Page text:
The cold water boosts norepinephrine and drops my cortisol levels, and the sunlight and the movement sets my circadian rhythm. Not only does this make me feel more alert for the day, it helps me fall asleep later at night. I wake up between am without an alarm. I throw on my gym clothes, grab some water or a pre-workout drink I often switch between caffeinated and non-caffeinated , and drive to the gym.

In the gym parking lot I say a prayer for inspiration and open my journal. I then write for ten to fifteen minutes focusing on my goals and plans for the day. Once home, I get started on my most important work for the day. I do this through meditation, prayer, journal writing, listening to uplifting content, and fitness. Thus, my most important job is to live in that state as consistently as possible. Thus, the state is a means to an end—doing high quality work. I tend to wake up naturally between and am, depending on when I fall asleep the night before.

The first thing I do is go to the kitchen to make tea. Where we currently live is very close to nature. I drink my tea on the balcony and listen to the sunrise sounds of birds and take in the changing colors of the sky. There is something so grounding and nourishing about being part of the dawn and what feels like the earth waking up.

My early morning routine varies depending on whether or not I ride. I ride my mountain bike or cyclocross bike in the Santa Monica Mountains three days a week, typically Tuesday, Thursday, and Saturday. My non-ride mornings look like this in order : Tea, meditation, yoga asana and qigong and two days a week I add in strength training , smoothie. For me to start and maintain a routine, I need to remove any decision fatigue. I make enough decisions throughout the day, so I prefer for my morning self-care routine or preparation for the day to require very little decision making.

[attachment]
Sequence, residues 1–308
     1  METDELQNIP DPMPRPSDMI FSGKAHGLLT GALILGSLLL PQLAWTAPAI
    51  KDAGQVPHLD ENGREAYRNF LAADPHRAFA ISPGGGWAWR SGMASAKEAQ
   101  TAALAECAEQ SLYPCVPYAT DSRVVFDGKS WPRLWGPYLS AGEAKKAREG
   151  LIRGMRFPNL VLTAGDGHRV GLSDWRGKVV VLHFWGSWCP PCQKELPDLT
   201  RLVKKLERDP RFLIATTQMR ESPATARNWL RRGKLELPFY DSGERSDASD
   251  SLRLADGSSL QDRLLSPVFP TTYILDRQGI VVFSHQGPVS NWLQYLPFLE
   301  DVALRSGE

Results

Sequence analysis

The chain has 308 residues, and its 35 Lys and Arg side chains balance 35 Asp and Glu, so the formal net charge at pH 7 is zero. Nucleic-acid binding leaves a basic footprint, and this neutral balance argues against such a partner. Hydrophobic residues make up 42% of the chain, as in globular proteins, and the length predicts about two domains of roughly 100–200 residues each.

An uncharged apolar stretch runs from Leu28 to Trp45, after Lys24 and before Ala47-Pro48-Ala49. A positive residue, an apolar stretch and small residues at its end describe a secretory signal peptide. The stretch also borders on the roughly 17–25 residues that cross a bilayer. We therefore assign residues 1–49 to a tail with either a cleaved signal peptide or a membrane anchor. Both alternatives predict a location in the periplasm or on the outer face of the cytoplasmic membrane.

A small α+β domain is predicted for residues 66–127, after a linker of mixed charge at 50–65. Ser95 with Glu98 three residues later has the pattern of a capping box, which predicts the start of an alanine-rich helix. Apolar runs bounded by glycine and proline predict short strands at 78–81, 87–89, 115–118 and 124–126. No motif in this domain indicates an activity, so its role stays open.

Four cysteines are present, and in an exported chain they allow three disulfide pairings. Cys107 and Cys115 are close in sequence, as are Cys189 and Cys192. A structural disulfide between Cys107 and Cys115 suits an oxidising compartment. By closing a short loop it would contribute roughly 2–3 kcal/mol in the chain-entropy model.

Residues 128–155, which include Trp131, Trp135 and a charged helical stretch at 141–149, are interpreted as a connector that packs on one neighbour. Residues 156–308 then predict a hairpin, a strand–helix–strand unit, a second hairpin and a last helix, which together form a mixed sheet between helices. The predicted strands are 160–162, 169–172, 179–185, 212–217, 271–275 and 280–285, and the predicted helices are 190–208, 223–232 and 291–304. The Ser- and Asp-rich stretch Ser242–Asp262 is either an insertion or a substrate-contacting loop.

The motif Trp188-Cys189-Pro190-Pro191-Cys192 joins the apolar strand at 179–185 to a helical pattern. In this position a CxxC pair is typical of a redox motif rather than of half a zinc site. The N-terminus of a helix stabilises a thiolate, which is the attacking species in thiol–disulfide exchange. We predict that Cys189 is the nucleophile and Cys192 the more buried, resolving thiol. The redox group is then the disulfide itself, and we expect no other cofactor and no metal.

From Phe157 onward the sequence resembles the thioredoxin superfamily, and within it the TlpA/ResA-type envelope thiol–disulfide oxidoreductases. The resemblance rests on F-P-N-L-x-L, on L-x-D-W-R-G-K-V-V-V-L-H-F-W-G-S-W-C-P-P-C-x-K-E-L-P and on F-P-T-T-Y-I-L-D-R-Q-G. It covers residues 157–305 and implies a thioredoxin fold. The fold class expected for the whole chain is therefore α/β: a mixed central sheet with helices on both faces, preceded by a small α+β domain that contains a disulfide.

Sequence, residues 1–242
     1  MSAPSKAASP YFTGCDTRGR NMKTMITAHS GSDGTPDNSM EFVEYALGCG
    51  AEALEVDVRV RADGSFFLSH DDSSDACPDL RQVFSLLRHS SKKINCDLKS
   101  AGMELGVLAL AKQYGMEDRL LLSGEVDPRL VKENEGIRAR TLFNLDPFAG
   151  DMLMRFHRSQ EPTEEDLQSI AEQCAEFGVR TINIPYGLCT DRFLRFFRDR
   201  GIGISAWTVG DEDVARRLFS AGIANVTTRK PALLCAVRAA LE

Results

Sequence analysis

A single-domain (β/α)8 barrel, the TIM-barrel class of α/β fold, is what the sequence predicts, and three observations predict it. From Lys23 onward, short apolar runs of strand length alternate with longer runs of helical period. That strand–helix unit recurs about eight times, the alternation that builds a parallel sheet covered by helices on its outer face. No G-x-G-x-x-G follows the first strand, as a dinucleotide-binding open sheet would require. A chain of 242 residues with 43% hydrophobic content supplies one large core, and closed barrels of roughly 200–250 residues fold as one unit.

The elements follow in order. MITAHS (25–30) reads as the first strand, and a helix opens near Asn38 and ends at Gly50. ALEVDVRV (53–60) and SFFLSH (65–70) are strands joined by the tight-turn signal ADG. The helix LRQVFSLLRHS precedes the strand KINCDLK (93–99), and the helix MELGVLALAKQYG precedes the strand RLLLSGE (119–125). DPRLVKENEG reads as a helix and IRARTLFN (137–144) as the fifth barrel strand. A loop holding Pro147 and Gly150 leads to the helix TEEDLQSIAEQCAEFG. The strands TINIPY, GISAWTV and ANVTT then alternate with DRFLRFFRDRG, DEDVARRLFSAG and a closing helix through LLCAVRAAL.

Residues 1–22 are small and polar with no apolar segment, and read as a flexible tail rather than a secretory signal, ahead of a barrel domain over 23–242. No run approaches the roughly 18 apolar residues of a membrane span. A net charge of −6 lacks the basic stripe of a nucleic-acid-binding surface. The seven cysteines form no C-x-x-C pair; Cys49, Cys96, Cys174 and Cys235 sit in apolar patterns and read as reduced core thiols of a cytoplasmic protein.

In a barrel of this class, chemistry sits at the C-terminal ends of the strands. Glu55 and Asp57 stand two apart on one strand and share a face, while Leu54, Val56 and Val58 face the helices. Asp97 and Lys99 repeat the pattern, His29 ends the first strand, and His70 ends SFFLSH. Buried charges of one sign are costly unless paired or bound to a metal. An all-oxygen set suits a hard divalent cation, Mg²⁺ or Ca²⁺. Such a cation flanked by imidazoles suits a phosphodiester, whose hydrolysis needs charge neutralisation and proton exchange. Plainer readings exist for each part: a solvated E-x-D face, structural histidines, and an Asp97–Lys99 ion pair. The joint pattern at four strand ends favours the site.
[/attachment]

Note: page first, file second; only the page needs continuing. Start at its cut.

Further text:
When I find a pair of pants or type of shirt I like, I buy them in multiples and in different colors. My cycling coach creates my riding workouts, and I have my go-to favorites for yoga and meditation on YogaGlo. The above routine and their full planned durations is ideal. My priorities are my company and my wife and family, all of which sometimes shorten the time I have for the routine. Morning is also the best time for me to write. Sometimes I swap a ride for a hike, depending on how my body is feeling. My alarm goes off every morning at am, but I generally stay in bed for the first thirty minutes of my day.

I check in on the business—email, calendar, and the sales numbers that came in overnight while I was asleep. It gets me excited for the day ahead. I never leave the house without a good breakfast. I always do a quick read of theSkimm and then have coffee. I get my coffee at this amazing Brazilian cafe in our neighborhood called O Cafe. They serve organic, sustainable coffee and the most amazing pao de queijo. Lunch is usually just an accumulation of snacks and more coffee throughout the day. Unless I have important meetings, I generally keep it pretty casual.

My typical uniform includes Madewell jeans, a T-shirt or sweater, and tied-back hair. I try to keep it simple so I can get out the door quickly. I usually wake up between and am. I get the newspaper, make a cup of coffee, and put on quiet classical music. Listening to the kind of music I do—my favorites are Bach , Handel , and the baroque-era composers —almost always has a calming effect on me, and the structure of the music seems to engage my attention. I try to make sure I get at least seven and a half hours of sleep. Sleep is important! I wake up around am and drink milliliters I quickly check company emails for any emergencies, and then most days I do thirty minutes of cardio swimming or running and then ten minutes in the sauna.